The kind man who brought me to the alley door at back of grand building on Grande Allée in his taxi was the first person in Quebec City to speak French to me, the first to speak to me at all on my return. Having lived in this city for twenty-two years, coming here from the region of Lac St. Jean, he knew that my address was across from the Concorde, Lowe’s Concorde, the big hotel, as soon as I asked for la ruelle behind Grande Allée. There, he helped me take my bags inside the foyer as soon as I’d opened the door with key.
It felt wonderful to enter my own little space with the keys long idle. It felt wonderful to ride through basse ville, off 540, and to know where I was. As we were turning a corner to climb the long hill up to Montcalm, to René Levesque and then Grande Allée, a young woman gestured for a ride. He was going to pass her up but I asked him if he wanted to stop for her – it was after 1 am and cold outside, or so it seemed to me, and he was willing if I did not object, so we stopped for her.
So I had another person, another Québecoise, witnessing my return to the spot on earth that is mine for a while in Quebec City. It was nearly 2 am; Tony and I woke at 3 am in Texas to have me at the airport in San Antonio for my journey. I called Tony as he’d asked. I wanted to tell him how beautiful it is, but how can one say it?
Deep snow, the quiet that goes with that. The way lights sparkle in the sweet silence.
He was glad I was here and inside.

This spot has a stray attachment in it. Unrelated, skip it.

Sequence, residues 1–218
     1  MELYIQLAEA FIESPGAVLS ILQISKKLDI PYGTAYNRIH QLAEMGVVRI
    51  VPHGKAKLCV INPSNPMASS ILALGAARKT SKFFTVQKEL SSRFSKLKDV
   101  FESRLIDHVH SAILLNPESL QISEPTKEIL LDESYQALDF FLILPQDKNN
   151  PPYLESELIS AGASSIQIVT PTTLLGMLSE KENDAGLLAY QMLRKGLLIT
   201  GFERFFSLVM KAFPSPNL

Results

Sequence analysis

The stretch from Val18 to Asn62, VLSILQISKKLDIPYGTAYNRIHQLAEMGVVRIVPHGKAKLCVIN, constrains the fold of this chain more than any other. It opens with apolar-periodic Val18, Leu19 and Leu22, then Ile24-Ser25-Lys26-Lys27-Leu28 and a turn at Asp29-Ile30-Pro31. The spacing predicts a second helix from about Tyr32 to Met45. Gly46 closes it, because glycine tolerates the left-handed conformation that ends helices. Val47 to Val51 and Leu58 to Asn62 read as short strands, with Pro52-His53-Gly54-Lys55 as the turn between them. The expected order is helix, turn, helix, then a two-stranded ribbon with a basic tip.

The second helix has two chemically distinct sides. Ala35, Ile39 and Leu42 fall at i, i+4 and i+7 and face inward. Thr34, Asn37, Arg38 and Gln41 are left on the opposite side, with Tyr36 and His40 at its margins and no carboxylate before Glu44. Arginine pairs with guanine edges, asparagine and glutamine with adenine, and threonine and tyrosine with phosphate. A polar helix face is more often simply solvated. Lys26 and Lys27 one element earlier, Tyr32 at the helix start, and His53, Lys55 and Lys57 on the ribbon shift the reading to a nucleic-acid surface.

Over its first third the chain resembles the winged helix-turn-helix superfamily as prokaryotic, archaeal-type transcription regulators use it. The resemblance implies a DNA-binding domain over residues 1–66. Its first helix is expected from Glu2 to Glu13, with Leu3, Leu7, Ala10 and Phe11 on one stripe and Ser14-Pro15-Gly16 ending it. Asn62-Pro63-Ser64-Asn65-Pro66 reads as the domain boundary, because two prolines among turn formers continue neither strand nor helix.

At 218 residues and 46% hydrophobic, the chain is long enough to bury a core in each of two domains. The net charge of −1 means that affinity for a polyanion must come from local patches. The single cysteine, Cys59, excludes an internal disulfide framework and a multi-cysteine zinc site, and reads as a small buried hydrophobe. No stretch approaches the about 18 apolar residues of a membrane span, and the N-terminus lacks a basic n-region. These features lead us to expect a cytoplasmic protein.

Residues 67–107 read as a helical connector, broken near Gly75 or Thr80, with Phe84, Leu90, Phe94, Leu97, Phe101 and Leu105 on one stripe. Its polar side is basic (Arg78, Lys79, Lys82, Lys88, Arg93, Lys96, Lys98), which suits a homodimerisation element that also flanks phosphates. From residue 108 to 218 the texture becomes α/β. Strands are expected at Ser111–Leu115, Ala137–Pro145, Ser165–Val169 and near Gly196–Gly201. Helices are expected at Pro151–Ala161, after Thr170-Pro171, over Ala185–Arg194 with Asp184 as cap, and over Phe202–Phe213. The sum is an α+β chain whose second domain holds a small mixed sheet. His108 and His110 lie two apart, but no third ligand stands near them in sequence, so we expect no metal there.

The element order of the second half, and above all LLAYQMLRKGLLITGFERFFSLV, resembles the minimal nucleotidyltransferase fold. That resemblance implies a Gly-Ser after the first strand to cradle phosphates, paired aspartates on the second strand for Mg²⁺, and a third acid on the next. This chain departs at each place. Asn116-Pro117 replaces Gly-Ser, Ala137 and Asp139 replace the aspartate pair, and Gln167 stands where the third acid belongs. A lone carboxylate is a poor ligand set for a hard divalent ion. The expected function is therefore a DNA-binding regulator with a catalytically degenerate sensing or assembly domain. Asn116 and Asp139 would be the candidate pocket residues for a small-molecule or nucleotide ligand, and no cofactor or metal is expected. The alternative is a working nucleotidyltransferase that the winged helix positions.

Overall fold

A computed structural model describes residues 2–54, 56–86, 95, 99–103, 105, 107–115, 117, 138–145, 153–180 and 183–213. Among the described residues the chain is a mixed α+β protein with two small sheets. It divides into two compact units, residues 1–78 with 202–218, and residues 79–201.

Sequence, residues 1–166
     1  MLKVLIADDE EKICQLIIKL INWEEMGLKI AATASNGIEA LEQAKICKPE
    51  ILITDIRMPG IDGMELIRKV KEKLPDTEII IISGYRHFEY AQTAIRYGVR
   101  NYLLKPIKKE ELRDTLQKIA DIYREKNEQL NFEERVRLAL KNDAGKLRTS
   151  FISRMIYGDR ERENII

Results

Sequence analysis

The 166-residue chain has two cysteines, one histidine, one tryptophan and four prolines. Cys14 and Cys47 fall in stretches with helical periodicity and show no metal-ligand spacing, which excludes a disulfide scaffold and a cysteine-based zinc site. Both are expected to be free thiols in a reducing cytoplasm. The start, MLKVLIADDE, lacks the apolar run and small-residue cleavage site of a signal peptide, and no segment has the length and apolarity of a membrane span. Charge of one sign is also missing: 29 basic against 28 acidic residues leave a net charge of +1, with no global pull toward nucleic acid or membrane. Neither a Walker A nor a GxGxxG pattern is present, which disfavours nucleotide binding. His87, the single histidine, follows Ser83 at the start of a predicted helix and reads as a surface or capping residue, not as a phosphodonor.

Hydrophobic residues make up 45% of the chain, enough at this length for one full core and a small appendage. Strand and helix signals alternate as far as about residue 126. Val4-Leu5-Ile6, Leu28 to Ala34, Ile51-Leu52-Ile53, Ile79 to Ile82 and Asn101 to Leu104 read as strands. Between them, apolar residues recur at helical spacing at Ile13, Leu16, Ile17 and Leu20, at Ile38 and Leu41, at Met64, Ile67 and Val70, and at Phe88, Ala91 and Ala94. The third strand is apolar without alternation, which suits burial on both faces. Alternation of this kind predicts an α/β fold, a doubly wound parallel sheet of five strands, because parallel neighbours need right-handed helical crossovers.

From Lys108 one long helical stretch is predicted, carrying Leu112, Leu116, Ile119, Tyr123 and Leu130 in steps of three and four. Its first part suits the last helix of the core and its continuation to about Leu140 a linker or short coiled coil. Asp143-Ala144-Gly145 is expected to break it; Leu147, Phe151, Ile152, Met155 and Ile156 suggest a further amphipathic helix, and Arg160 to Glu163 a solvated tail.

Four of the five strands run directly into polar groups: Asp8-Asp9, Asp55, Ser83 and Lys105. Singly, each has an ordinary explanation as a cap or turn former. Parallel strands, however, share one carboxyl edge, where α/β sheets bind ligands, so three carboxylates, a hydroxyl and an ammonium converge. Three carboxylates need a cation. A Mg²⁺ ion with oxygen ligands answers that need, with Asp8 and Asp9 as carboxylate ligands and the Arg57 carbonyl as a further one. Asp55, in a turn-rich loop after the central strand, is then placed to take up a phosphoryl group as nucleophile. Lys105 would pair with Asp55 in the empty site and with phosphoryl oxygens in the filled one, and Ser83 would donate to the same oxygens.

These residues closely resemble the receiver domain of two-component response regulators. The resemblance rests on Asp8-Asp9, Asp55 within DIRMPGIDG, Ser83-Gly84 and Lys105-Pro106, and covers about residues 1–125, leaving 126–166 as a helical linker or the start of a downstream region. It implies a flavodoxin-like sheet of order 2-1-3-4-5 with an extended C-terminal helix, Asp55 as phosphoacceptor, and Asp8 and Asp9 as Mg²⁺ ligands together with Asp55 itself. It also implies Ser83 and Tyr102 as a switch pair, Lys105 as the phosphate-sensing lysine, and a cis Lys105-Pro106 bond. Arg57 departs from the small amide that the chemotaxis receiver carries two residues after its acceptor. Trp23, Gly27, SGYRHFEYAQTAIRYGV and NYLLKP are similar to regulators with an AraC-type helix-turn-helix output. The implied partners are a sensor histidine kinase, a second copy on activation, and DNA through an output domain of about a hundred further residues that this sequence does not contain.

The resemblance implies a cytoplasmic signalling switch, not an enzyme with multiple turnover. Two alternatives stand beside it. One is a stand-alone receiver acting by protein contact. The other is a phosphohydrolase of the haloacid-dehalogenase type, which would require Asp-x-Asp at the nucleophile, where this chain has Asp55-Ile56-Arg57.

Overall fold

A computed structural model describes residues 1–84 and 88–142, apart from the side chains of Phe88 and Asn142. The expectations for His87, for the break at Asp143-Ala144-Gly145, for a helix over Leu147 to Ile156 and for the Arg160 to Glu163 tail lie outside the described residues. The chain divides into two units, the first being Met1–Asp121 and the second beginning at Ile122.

In Charlotte, North Carolina I forgot to reset my watch or my mind for the time change from Central to Eastern and thus missed a flight. I might otherwise have arrived about 5:30 pm of January 30 but instead it was January 31.
There’s a bed and breakfast with small parking lot just outside the door, and I’d met the man who tends it before leaving to take my car back to Texas (knowing I did not know how to deal with a car up here). The first thing he said to me when I set out about noon was “Dogs!” (in English). The dog race was about to happen, and they’d be coming along soon.
Within two blocks on Grande Allée I’d bought my effigy – the little pin that serves to let you in to all the events, for $10.00, unless you choose the plastic one to hang around your neck, and I didn’t. Turning a corner there back toward the Plains of Abraham, I was at the Des Jardins site, the largest of the Carnaval sites, and it was happening already.
But I couldn’t resist going also down to Rue St. Jean, eating at the huge vegetarian serve-yourself restaurant, buying a dozen eggs, walking the long way back up, stopping at Rene Levesque’s statue on the parliament grounds, sitting in a snow chair casually carved by someone’s derriere, speaking a few words to M. Levesque.
The statue has his head too square, I think, but still it’s him, or it represents him, and he looks out to all the city below, to the Laurentians beyond, above the words on a plaque that I’ve left up here for so long, the ones that say there comes a time when a people must act bravely, if radically, with calm audacity.
I feel audacious even to be here amidst such beauty. I told him so.
Then carried on to retire early, missing a Saturday night concert in Tente Metro, not even knowing until today I studied the schedule of events.
But there was music today in Tente Metro, even someone playing the spoons, as they do here. Oh, it is so beautiful. There are only thousands of people, not the tens of thousands or hundreds of thousands as for the summer festival. It’s quieter. It’s splendid.
Learning in Québec
- Sylvia Ann Manning
- I'm someone who began learning French when I was 53. I took a BA in French at 60 but wasn't happy with my level of comprehension (though I read very well). So, having really become comfortable with Spanish only by living on the Mexican border, I'm spending more time in Québec and near the border of Quebec, in Vermont, to see if I can do that here with French. I want to encourage others to do the same.